Brussels I Regulation (recast)


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Brussels I recast

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Article 65(3) - Information on how to determine, in accordance with national law, the effects of the judgments referred to in Article 65(2) of the Regulation

Not applicable

Article 74 - Description of national rules and procedures concerning enforcement

An enforcement action is a legal action brought by the creditor or party seeking enforcement against the debtor or defendant in which the creditor asks the court to enforce an obligation to which they are entitled. Enforcement actions are based on the assumption that the right in question was previously declared or recognised by means of an enforceable order. Such actions aim to ensure coercive fulfilment of the obligation through the authority of the State. An enforceable order sets out the legal facts underpinning the request made by the party seeking enforcement and provides the degree of certainty required to apply coercive measures against the defendant. The Code of Civil Procedure (Código de Processo Civil) classifies the following as enforceable orders:

a) Convictions: Convictions constitute enforceable orders only after a judgment becomes final, unless an appeal lodged against a conviction is merely devolutive in effect. Rulings by a court of arbitration (tribunal arbitral) are enforceable in the same terms as rulings by ordinary courts (Article 47 of Law 63/2011 of 14 December 2011).

b) Documents drawn up or authenticated by a notary or by any other body or professional with the power to do so, establishing or recognising any obligation: This includes authentic documents (documents drawn up in accordance with legal formalities by public authorities within the limits of their powers or within the field of activity assigned to them by a notary or other public official accredited by the State) and authenticated documents (documents drawn up by private individuals and subsequently attested by them before a notary or other body or professional with equivalent powers).

c) Credit notes, even if unsecured, provided that the facts underpinning the relations are set out in the document or given in the enforcement order: for instance, the letter, the promissory note or the cheque.

d) Documents made enforceable by special provision: for instance, an injunction order to which an enforcement order has been appended (Articles 6-8 of Decree-Law No 32/2003 of 17 February 2003 and Articles 7-21 of Decree-Law No 269/98 of 1 September 1998).

In order for an obligation to be enforced, it must be certain (i.e. of determined nature – an debeatur), due (i.e. the due date has passed or the obligation is due automatically upon the debtor receiving the demand) and net (i.e. of determined amount – quantum debeatur).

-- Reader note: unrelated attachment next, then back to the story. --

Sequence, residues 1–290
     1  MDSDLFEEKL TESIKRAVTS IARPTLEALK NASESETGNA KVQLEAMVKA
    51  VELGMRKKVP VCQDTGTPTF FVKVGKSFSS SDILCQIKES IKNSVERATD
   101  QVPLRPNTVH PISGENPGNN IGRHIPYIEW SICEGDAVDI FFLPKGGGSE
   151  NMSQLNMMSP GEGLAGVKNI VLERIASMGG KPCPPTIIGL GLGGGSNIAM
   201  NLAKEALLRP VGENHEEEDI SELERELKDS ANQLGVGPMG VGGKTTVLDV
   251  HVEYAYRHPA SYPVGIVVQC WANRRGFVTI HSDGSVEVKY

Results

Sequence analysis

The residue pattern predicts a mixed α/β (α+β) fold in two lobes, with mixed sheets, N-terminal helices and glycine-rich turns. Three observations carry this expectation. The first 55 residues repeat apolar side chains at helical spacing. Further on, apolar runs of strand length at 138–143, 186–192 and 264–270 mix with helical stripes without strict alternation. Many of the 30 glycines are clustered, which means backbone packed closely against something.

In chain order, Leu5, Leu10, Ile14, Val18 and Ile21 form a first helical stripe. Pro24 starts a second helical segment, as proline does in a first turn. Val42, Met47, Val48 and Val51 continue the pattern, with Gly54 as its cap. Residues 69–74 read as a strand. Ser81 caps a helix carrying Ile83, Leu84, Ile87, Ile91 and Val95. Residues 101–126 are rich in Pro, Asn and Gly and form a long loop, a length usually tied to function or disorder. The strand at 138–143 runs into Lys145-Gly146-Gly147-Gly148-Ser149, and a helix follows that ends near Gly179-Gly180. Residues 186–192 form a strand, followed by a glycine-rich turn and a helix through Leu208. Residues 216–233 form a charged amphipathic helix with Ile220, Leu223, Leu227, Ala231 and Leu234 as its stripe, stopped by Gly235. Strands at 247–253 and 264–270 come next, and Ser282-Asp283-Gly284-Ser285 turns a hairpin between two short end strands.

Different forms of procedure apply according to the purpose of enforcement (payment of a specific sum, delivery of a specific item, performance or non-performance of a specific act). Wherever the law provides for a form of special enforcement procedure (e.g. the enforcement procedure for maintenance obligations), this form applies. In all cases where the special form of procedure does not apply, the general form is used. The general enforcement procedure may be summary or ordinary, depending on the purpose of enforcement and the type of enforcement order.

The competent authorities for enforcement are the enforcement agents and the courts (judge and court registry). The enforcement agent carries out all enforcement activities which are not assigned to the court registry or which fall under the remit of the judge, such as summonses, notifications, publications, database searches, attachments and registration thereof, settlements and payments. It is for the judge to carry out any procedural acts subject to the principle of the judge’s prerogative or which conflict with the fundamental rights of the parties or of third parties. The court registry handles administrative aspects and ensures that enforcement procedures are conducted properly.

As regards restrictions on enforcement on the grounds of debtor protection, it should be noted that the usual enforcement act in respect of payment of a specific amount is attachment. This consists of the legal seizure of assets belonging to the party against whom enforcement is sought, with a view to selling said assets and using the proceeds of the sale to satisfy the obligation being enforced. In principle, all attachable assets belonging to the debtor which are liable for the outstanding debt under substantive law may be subject to enforcement. However, the law excludes from the debtor’s assets, in whole or in part, certain attachable assets or rights, by means of absolute or relative immunity from attachment or total or partial immunity from attachment. In addition, attachment must be limited to the assets necessary to pay the enforced debt and cover any foreseeable enforcement-related costs.

The Code of Civil Procedure lays down restrictions on enforcement on the grounds of expiry and limitation. These restrictions serve as grounds for opposing enforcement by means of a procedural step known as ‘opposition to enforcement by attachment’, but only if the expiry or limitation post-dates closure of the discussion in the declaratory act.

As a general rule, any alienable rights or rights which the law does not declare exempt are subject to limitation if they are not exercised within the period of time laid down by law.